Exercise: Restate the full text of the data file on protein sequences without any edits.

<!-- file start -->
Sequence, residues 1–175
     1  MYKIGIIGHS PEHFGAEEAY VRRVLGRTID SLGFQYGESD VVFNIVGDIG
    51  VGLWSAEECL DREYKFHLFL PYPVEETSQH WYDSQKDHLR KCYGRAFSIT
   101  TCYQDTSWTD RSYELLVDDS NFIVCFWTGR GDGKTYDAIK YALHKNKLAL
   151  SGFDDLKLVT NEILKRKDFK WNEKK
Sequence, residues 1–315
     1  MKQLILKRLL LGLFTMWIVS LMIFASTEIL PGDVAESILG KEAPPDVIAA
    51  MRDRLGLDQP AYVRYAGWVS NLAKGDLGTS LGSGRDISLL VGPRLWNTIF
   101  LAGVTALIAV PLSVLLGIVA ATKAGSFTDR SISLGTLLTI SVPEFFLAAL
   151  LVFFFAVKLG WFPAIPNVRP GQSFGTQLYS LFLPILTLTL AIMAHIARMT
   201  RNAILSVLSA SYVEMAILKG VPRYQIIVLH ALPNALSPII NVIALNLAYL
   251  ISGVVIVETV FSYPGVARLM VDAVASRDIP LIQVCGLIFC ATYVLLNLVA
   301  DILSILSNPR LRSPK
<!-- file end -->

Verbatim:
Sequence, residues 1–175
     1  MYKIGIIGHS PEHFGAEEAY VRRVLGRTID SLGFQYGESD VVFNIVGDIG
    51  VGLWSAEECL DREYKFHLFL PYPVEETSQH WYDSQKDHLR KCYGRAFSIT
   101  TCYQDTSWTD RSYELLVDDS NFIVCFWTGR GDGKTYDAIK YALHKNKLAL
   151  SGFDDLKLVT NEILKRKDFK WNEKK
Sequence, residues 1–315
     1  MKQLILKRLL LGLFTMWIVS LMIFASTEIL PGDVAESILG KEAPPDVIAA
    51  MRDRLGLDQP AYVRYAGWVS NLAKGDLGTS LGSGRDISLL VGPRLWNTIF
   101  LAGVTALIAV PLSVLLGIVA ATKAGSFTDR SISLGTLLTI SVPEFFLAAL
   151  LVFFFAVKLG WFPAIPNVRP GQSFGTQLYS LFLPILTLTL AIMAHIARMT
   201  RNAILSVLSA SYVEMAILKG VPRYQIIVLH ALPNALSPII NVIALNLAYL
   251  ISGVVIVETV FSYPGVARLM VDAVASRDIP LIQVCGLIFC ATYVLLNLVA
   301  DILSILSNPR LRSPK